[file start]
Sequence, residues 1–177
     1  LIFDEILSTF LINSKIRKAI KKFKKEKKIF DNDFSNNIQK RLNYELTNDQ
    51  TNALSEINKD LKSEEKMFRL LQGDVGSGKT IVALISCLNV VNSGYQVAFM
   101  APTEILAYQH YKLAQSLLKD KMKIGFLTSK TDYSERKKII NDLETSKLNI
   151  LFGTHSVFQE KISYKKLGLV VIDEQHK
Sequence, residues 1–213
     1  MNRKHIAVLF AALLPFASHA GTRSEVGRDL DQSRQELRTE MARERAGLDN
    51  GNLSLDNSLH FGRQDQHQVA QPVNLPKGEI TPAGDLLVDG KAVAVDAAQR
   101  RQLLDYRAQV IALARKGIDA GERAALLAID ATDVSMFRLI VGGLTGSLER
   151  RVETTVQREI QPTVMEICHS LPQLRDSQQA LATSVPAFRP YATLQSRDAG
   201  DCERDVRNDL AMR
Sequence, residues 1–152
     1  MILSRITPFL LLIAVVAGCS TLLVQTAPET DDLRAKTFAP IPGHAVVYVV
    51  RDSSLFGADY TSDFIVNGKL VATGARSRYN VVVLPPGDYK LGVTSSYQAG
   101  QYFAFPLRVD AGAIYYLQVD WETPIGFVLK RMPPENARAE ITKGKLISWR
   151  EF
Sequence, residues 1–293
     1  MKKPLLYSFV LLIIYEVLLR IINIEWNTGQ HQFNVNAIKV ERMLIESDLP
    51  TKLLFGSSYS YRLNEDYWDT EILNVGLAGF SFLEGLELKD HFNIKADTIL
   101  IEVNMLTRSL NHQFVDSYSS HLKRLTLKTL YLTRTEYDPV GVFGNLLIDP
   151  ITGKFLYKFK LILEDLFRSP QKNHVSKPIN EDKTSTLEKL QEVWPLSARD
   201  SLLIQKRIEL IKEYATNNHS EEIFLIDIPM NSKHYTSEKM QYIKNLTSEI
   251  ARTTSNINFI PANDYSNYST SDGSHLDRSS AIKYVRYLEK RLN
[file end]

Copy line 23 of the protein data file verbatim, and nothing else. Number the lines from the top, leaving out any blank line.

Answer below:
   251  ARTTSNINFI PANDYSNYST SDGSHLDRSS AIKYVRYLEK RLN